Thursday, 20 August 2009

Famous London Pubs - Olde Mitre Tavern

There's a sense of discovery when you find the Olde Mitre Tavern. It's hidden down an alleyway between 8 and 9 Hatton Garden, marked by an old crooked street lamp and a small sign in the shape of a bishop's mitre, the arched alleyway entrance has a sign above stating "Ye Olde Mitre 1546". Despite these clues many who work in the area don't know it exists.
The original tavern was built in 1547 for the servants of the Palace of the Bishops of Ely (Cambridgeshire). The palace was their London base, they had power and riches and played host to Henry VIII and Elizabeth I. After the reformation Elizabeth forced the bishops to rent some of their land to Sir Christopher Hatton, one of her courtiers. The area became known as Hatton Garden, and is famous as the centre of London's diamond and jewellery trade.
Both palace and pub was demolished in 1772, although the pub was soon re-built. A stone mitre from the palace gatehouse is built into a wall. The preserved trunk of a cherry tree in the corner of the front bar marked the boundary of the diocese and the land leased to Hatton, and legend has it that Elizabeth I danced the maypole around it.
Technically this tavern and the lands around Ely Place are in the control of the Diocese of Ely, Cambridgeshire and until the last century the pub licence was issued there. Even the City police has no jurisdiction here.
Continue past the Old Mitre and emerge in Ely Place where you will find the 13th century St. Etheldra's chapel, the oldest catholic church in Britain. It was named after a queen of East Anglia, who in the 7th century, became a nun, founded a monastery at Ely and was the first Abbess.
Reproduced by kind permission of

Horseracing - Just Hung On To My Shirt

I had a great day out at York races on Tuesday, one of the best places to go racing in the country. Unfortunately, our best bet Father Time could only finish third, However, I managed to hang on to my shirt, thanks to Frankie Dettori winning the last race.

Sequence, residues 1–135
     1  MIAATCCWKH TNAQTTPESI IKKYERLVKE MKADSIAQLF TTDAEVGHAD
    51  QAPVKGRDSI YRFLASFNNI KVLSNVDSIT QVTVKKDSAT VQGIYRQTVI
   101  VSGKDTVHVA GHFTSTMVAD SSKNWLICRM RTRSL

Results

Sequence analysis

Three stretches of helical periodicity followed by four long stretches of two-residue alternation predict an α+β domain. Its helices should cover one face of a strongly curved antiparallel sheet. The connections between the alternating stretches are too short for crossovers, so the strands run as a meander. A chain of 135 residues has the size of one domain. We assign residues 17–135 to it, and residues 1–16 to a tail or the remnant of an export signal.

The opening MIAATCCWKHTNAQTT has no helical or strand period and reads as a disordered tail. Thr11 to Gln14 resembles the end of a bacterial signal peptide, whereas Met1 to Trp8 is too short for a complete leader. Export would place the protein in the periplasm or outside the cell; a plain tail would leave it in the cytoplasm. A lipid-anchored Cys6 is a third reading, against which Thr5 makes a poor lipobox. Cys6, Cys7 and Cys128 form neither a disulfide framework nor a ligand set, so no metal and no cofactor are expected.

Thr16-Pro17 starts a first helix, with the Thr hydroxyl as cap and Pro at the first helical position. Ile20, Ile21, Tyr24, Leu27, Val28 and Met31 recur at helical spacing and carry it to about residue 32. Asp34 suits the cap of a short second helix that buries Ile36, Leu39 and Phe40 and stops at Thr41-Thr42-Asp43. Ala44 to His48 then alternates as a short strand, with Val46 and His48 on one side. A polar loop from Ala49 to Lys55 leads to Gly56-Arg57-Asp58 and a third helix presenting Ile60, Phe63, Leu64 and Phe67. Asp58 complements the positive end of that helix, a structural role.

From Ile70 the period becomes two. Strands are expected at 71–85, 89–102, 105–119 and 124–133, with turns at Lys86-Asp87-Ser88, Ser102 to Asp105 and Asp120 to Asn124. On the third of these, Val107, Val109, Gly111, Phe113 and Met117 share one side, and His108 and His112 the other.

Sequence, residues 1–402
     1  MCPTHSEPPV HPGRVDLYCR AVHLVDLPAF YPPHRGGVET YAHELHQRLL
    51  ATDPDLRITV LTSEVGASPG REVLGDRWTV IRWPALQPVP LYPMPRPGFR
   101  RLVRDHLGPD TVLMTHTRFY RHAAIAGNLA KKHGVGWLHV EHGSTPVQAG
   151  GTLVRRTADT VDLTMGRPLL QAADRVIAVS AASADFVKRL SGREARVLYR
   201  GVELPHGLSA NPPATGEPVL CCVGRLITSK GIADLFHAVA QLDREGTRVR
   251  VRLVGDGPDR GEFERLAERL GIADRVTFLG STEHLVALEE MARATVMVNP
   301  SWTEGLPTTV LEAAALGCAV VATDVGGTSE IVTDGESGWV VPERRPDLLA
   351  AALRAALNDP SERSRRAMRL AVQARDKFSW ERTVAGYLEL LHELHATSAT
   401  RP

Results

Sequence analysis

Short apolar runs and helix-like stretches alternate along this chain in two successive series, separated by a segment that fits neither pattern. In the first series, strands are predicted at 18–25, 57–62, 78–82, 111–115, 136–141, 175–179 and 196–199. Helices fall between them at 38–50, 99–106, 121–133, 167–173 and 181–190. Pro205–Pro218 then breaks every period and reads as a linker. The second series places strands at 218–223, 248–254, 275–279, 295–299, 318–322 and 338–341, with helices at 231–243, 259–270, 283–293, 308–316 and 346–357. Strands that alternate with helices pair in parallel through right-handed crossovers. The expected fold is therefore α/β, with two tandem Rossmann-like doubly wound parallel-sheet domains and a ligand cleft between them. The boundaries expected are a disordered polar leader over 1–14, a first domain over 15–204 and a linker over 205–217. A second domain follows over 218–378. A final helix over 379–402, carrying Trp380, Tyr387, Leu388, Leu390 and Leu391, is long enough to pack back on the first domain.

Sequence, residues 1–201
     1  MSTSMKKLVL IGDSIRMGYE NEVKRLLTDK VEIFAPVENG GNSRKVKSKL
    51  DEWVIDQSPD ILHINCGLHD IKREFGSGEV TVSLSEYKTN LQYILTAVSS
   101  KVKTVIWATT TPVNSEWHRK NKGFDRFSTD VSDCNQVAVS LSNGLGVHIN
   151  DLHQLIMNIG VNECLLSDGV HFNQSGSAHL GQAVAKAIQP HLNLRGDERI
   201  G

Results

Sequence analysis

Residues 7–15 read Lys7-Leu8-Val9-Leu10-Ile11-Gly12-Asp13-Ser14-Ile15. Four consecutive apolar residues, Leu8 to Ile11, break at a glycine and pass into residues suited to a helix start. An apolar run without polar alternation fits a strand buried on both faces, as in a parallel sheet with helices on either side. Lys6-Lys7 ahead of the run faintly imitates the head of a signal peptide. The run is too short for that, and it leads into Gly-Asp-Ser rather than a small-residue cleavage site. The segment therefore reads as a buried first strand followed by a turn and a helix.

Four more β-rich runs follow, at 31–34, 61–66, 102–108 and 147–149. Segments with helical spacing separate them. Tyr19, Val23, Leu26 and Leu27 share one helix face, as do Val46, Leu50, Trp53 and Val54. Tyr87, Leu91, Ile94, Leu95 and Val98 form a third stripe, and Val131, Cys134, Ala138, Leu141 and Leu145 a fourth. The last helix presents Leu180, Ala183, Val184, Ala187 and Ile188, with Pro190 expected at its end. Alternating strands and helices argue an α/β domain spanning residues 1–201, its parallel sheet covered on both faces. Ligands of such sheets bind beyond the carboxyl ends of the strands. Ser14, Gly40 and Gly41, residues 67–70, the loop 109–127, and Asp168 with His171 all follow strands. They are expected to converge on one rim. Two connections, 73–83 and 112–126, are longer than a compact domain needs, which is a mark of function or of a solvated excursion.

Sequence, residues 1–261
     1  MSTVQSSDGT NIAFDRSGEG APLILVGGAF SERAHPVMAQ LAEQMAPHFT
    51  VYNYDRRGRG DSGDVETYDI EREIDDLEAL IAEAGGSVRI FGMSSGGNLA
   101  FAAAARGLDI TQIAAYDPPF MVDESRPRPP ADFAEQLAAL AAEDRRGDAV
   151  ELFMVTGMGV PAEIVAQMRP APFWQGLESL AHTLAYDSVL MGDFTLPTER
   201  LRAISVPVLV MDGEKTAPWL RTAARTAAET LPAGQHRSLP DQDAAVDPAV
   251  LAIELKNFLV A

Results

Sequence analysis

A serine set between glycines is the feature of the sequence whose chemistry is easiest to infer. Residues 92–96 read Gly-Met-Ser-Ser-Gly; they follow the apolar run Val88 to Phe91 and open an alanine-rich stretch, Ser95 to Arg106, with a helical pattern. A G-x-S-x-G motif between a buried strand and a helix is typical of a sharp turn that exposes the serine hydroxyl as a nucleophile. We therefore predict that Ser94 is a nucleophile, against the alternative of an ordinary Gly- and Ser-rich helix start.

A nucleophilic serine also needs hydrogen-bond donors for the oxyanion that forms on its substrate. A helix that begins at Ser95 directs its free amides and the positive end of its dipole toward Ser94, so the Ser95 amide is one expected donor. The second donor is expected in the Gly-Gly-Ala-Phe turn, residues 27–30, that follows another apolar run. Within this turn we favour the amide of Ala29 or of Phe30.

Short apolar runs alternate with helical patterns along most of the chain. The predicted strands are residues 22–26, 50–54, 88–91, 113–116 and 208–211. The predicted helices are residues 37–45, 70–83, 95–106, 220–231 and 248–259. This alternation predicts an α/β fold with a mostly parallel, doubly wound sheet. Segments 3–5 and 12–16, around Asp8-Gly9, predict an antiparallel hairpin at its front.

Profit/Loss - 3.65 points.


Thought For Today

The young man knows the rules, but the old man knows the exceptions.
Oliver Wendell Holmes

Why Do We Say That?

This old saying comes from the Bible. In Ecclesiastes 10:20 the writer warns us not to curse the King or the rich even in private or a 'bird of the air' may report what you say.

This comes from the use of a kind of whip called a cat o' nine tails.

After it was woven wool was pounded in a mixture of clay and water to clean and thicken it. This was called fulling. Afterwards the wool was stretched on a frame called a tenter to dry. IT was hung on tenterhooks. So if you were very tense, like stretched clot cloth, you were on tenterhooks.

This was originally a nickname for the poet Ambrose Philips (1674-1749) who was known for writing sentimental verse.

Can You Believe Your Eyes

(Click on image to enlarge)

Who Am I?

Ten more clues for you to unravel, which will lead you to our mystery celebrity. Can you work out who it is?

01 I was born on 23 May 1933.
02 I was born in Paddington, London.
03 I am an actress,
04 I was signed by J Arthur Rank Film Company when I was 17.
05 In 1952 I made my film debut in 'I Believe In You'.
06 I have worked with both Laurence Olivier and Sir Ralph Richardson.
07 I was once married to singer/actor Anthony Newley.
08 In 2003 I was a passenger on the the last transatlantic-flight made by British Airways Concorde.
09 I have been married 5 times.
10 I have a famous sister.